The Return of the Living Dead

The Return of the Living Dead (1985)
★★★ / ★★★★

“Let me ask you a question, kid. Did you see that movie ‘Night of the Living Dead?’ …Did you know that movie was based on a true case?”

You know a horror-comedy is not going to hold back its punches when right from the opening title card there is already a joke. It dares to claim that the events and people found therein are based on truth. Its self-awareness is sharp, fresh, and pointed; writer-director Dan O’Bannon is clearly a lover of not only undead pictures but of movie-making that incites overt reaction from the audience. “The Return of the Living Dead” can be enjoyed when alone on the couch. But it is preferred that it be experienced as a group as the collective fever of laughter fills the room.

This is not just a movie that offers terrific special and makeup effects. Given that the premise involves a chemical leakage from a U.S. Army tank which houses a zombie from the “actual” case that inspired George A. Romero’s 1968 classic “Night of the Living Dead,” the work makes a statement about how we treat our environment, specifically the waste we put out there for the air to spread and for the soil to absorb. Everything comes from the ground—yes, even the air we breathe. (A prime example is the water cycle—which, to my surprise, is incorporated in the film in a most humorous fashion.) And so wastes we put out there make us sick and eventually kill us. Hence, zombies rising from the Earth, taking over, and eating our brains.

The picture uses every trick in the horror manual—except for CGI—to create grotesque, gross, curious, horrifying, and morbid imagery, from mannequins and old school puppets to animatronics and people sporting masks or heavy cosmetics. Not one technique used comes across as perfect, but there is an infectious joyousness in how they are utilized and framed. I enjoyed that it is almost always not enough to show a disgusting or unusual image and pass that off as entertainment. These images are often accompanied by an auditory gag, shocking acrobatics, or reference to other zombie movies. It feels like a love letter to undead films that came before, but at the same time it has two goals: to turn expectations inside-out and to push the sub-genre in new directions. Either way, it strives to make us laugh throughout.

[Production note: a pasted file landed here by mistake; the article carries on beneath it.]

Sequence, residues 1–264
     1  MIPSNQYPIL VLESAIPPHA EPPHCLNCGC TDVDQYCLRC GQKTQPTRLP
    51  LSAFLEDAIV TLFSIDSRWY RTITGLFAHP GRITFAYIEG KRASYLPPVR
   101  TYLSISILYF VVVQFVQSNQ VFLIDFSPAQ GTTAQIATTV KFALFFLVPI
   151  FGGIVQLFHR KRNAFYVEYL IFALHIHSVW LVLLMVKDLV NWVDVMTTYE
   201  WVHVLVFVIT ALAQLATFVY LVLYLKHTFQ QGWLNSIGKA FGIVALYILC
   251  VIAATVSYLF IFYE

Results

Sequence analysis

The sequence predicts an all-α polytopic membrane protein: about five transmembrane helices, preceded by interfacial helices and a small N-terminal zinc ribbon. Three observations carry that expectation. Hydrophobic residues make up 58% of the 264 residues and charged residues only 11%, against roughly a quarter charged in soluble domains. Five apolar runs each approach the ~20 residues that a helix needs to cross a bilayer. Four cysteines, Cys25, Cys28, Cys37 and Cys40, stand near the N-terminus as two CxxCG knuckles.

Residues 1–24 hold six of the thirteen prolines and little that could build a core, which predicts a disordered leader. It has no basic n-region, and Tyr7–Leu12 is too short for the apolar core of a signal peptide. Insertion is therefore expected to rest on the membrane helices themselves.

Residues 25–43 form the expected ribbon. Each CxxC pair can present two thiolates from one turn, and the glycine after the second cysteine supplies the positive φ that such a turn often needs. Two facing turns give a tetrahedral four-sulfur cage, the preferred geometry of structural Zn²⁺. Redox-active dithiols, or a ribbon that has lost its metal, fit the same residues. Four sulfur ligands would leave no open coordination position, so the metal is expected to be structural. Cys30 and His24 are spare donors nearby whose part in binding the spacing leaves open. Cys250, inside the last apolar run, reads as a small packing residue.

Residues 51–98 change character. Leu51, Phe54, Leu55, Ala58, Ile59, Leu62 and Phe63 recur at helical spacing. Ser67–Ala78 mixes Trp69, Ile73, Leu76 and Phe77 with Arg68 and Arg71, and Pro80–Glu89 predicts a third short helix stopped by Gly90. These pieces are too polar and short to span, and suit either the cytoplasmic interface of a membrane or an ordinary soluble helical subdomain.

I enjoyed all the characters here, from the medical supply warehouse foreman named Frank (James Karen) giving a tour to new recruit Freddy (Thom Matthews), who is a bit dim, to the punk rockers (one of them Freddy’s girlfriend played by Beverly Randolph) hanging out at the cemetery—which is right next to the warehouse with the zombie tanks sitting in the basement, which is so not a coincidence. The picture jumps back and forth between the two locations. Energy builds on top of one another until the two groups are required to meet at some point. Every person has a personality… even the undead.

These zombie are no slackers that lumber about waiting for food to walk by. They run. One is already a threat. Facing a horde is terrifying. But a noteworthy trait: These reanimated corpses can speak. “Brains!” “Send in more cops.” “More paramedics.” And another: They have the ability to plan an attack. Because the zombies possess intelligence, we believe that the living running away from them truly are in danger. And if that isn’t enough: Killing them is much, much harder in this film. A harsh blow to the head or a gunshot to the brain isn’t enough. Nor is beheading the zombies. It changes the rules. Not just because it can.

Because its purpose is for us to consider: What is the undead’s relationship to the overall message of the story? More specifically, environmental issues are solved not by one, or two, or five solutions. It is not enough to recycle. Or plant trees. Or manage output of industrial plants. It requires putting politics aside and doing all that we can on every front we can come up with—in an efficient, consistent, and reliable fashion. “The Return of the Living Dead” is progressively pro environment, demanding that we take responsibility for our the betterment of our home through action. It is also riotously funny, stylish, and deeply entertaining.

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